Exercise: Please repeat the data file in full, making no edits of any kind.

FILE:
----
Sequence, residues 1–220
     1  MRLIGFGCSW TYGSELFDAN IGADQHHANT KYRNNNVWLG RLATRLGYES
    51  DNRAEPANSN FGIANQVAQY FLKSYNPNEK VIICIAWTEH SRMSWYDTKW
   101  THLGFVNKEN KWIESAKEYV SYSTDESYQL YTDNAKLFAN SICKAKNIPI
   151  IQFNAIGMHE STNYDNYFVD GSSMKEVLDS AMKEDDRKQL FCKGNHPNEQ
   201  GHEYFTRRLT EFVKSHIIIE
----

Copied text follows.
Sequence, residues 1–220
     1  MRLIGFGCSW TYGSELFDAN IGADQHHANT KYRNNNVWLG RLATRLGYES
    51  DNRAEPANSN FGIANQVAQY FLKSYNPNEK VIICIAWTEH SRMSWYDTKW
   101  THLGFVNKEN KWIESAKEYV SYSTDESYQL YTDNAKLFAN SICKAKNIPI
   151  IQFNAIGMHE STNYDNYFVD GSSMKEVLDS AMKEDDRKQL FCKGNHPNEQ
   201  GHEYFTRRLT EFVKSHIIIE